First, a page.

But, despite such a question being in the subtitle, I appreciate this Christian college dean's story of coming to know and appreciate "Christian rap" music.

HT: Dan DeWitt

Friday, October 17, 2014

Friday Fun: Study Shows NFL Referees May Be Biased Toward Disciplined Teams

Clever bit from The Onion.

HOUSTON—Shedding light on the suspected league-wide officiating trend, a new study published Wednesday by researchers at Baylor University has suggested that NFL referees may in fact display a clear bias toward disciplined football teams. “According to our analysis of officiating decisions over the past several seasons, referees do appear to distinctly favor teams that exhibit poise and play in accordance with NFL rules and regulations,” said lead researcher Randall Levitz, explaining that on-field rulings disproportionately punish teams that frequently jump offsides, engage in excessive celebrations, or shove opponents after a play is blown dead. “In any given game, for example, the team that repeatedly delivers cheap-shot late hits on the opposing quarterback is targeted for roughing the passer penalties far more often than the team that does not do that. And accordingly, maintaining focus and professionalism throughout all four quarters yields a distinct and, frankly, totally unfair competitive advantage.” The study went on to confirm that the blatant officiating bias has directly affected the outcome of virtually every game involving the Detroit Lions over the past five seasons.

Monday, October 13, 2014

"Oceans" and Other Challenging Praise Lyrics

Hillsong United's "Oceans (Where Feet May Fail)", even though it's more than two years old, is still popular to sing and to talk about. In my worship leader circles, the debate centered around how singable it was by a congregation, and then how to match its balance of ambience and energy. Recently, a Christian blogger, Annie Downs, pointed out something about the lyrics in an article that's been going around cyberspace, Stop Singing "Oceans".

Downs's problem isn't with the song itself, but with the hearts of the congregants who sing it. Do they really, honestly mean it when they sing through that challenging bridge? Spirit lead me where my trust is without borders, let me walk upon the waters, wherever You would call me. Take me deeper than my feet would ever wander, that my faith would be made stronger, in the presence of my Savior. That's giving God license to challenge and refine you, including by proverbial fire. So yeah, Downs has a good point.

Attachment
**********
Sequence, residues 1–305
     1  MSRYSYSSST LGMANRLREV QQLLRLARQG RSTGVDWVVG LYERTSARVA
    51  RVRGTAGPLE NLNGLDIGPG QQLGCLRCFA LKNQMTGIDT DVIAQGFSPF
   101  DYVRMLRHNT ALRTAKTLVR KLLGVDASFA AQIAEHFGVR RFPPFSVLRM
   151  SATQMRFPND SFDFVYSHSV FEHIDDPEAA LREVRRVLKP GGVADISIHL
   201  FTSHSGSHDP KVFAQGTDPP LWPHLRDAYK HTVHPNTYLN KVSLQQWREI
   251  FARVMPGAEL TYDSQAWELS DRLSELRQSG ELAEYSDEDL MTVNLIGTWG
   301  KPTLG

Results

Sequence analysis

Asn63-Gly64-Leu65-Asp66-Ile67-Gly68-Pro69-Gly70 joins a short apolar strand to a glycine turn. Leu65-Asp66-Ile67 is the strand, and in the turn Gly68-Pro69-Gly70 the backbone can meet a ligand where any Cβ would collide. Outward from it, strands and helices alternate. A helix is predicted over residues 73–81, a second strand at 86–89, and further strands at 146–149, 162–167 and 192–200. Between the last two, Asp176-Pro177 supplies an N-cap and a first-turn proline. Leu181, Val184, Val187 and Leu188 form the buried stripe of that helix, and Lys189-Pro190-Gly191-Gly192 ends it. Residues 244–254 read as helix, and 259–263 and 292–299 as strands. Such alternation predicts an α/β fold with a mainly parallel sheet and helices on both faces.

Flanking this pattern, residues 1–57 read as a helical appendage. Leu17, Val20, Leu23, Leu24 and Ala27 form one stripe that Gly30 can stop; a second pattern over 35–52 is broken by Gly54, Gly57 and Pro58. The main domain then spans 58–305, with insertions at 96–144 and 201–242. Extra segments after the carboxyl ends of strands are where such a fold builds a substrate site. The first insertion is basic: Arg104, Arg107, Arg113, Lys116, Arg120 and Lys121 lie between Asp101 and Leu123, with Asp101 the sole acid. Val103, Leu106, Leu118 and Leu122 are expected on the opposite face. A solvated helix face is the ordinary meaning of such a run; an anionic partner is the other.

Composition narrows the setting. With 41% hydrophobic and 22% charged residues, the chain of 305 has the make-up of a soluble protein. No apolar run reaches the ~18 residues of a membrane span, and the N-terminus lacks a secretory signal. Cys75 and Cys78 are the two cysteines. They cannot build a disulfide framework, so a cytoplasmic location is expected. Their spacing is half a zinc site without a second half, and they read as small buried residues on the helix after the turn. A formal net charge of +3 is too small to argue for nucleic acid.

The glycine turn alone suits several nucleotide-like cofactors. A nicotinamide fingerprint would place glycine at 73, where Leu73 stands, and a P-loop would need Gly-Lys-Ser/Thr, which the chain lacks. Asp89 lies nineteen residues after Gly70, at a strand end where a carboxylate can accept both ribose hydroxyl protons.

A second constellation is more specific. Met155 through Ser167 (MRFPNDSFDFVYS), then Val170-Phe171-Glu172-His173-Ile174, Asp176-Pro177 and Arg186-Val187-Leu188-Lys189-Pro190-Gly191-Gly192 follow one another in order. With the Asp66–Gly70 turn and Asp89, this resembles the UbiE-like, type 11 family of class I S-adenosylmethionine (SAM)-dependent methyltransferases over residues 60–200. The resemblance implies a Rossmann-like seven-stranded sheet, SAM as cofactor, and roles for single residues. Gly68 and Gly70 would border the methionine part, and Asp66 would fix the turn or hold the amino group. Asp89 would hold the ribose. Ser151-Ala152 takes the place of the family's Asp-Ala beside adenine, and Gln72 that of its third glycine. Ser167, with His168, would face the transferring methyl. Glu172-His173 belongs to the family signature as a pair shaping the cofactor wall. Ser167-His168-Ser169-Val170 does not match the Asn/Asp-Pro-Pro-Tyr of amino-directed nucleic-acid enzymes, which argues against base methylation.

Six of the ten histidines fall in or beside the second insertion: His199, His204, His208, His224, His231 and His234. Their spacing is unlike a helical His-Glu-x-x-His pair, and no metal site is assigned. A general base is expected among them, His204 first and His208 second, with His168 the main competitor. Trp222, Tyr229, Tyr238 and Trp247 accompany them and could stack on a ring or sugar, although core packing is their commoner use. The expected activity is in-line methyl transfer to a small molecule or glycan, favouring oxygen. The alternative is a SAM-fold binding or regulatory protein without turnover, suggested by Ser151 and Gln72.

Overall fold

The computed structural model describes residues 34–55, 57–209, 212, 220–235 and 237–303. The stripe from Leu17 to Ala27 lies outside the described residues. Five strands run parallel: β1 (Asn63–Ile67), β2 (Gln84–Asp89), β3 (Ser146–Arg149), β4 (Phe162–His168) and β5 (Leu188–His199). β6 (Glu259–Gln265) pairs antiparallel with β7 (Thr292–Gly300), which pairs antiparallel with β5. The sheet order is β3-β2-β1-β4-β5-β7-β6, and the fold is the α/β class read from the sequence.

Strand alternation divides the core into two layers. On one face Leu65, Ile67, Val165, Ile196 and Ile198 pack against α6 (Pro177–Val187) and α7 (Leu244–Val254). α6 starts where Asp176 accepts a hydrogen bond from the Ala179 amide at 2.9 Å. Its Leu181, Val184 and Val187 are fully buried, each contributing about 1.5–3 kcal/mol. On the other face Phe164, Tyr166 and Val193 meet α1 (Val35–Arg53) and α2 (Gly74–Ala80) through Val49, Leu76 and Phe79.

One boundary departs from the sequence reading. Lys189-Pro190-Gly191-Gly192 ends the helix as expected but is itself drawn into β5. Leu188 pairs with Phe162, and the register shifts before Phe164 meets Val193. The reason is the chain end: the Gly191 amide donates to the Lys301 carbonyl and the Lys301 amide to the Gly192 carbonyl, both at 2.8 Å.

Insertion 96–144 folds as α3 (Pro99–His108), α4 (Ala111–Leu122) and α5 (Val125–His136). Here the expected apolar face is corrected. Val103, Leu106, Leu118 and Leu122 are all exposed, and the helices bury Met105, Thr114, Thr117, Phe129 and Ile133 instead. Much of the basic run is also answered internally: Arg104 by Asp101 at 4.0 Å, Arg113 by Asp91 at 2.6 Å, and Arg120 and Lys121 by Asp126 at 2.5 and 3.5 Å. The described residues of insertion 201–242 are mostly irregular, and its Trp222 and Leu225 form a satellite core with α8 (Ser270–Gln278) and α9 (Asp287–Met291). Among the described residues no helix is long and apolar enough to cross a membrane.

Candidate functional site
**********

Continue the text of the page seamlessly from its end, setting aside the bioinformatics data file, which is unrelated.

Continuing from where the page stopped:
But "Oceans" is far from alone in having strong, honest and worshipful lyrics that we may not think through singing (but we should). Here's a list of popular worship lyrics (both recent and from hymnody) that also may fall in this category.

"Lord, strip it all away, 'til only You remain" -Simplicity, Rend Collective

"Go, then, earthly fame and treasure! Come, disaster, scorn and pain!
In Thy service, pain is pleasure; with Thy favor, loss is gain." -Jesus, I My Cross Have Taken

"If ever I loved Thee, my Jesus 'tis now." -My Jesus I Love Thee

The Holy Scriptures have the good news of the Gospel, but they also convict us of our sin and challenge us with a call to God-directed sacrificial living. It's good that both hymns of old and modern praise songs are reflecting that balance.

Can you add any challenging praise lyrics to this list?

Thursday, October 9, 2014

Christian (Subcultural) Art Apologetics?

It seems that two recent events have really sparked more discussion on "Christian film" and even general Christian subcultural production. First, there was LeCrae's new album Anomaly, its success and his statements about Christian art. Now, there's the (non-Christian and Christian) lambasting of the new Left Behind movie.

I admit that I'm a bit surprised at the voices rising up to defend the artistic output of Christian subculture. I think it's good that discussions are getting deeper into artistic philosophy and vision when it comes to Christian art. Here are some links to some of the discussion:

In Defense of Christian Subculture

How Christian Critics are Killing the Christian Film Industry 

Defenders of Christian subcultural film and art are correct to point out the artistic shallowness and moral vacancy that plagues most of the commercialized entertainment industry, and I wouldn't find it hard to believe, personally, that there might be a bit of prejudice against "Christian film" among reviewers. However, I really think that an improvement of Christian subcultural production is possible when we ask (and try to answer) the hard theological and artistic questions. What makes a film "Christian"? What is this art's purpose? To entertain, affirm, evangelize, disciple, and/or make a certain statement (all the while keeping in mind that too much "purpose" can easily detract artistic integrity)? In better answering these questions as artists and consumers, I'll be brave to say that there's could be a day where reviewers don't lambaste Christian art.

Thoughts?

Wednesday, October 8, 2014

Review of Jennifer Knapp's "Facing the Music"

Like Trevin Wax, the contemporary Christian music of the late 90's and early 00's defined most of my teen years, though mine heavily toward Tooth & Nail Records and the like rather than what was on the WOW albums. I was still, though, very familiar with Jennifer Knapp's music and testimony, and I made it to the back of a moshpit for her showing at Cornerstone 2000. Many of my youth group friends were very moved by her testimony and her music.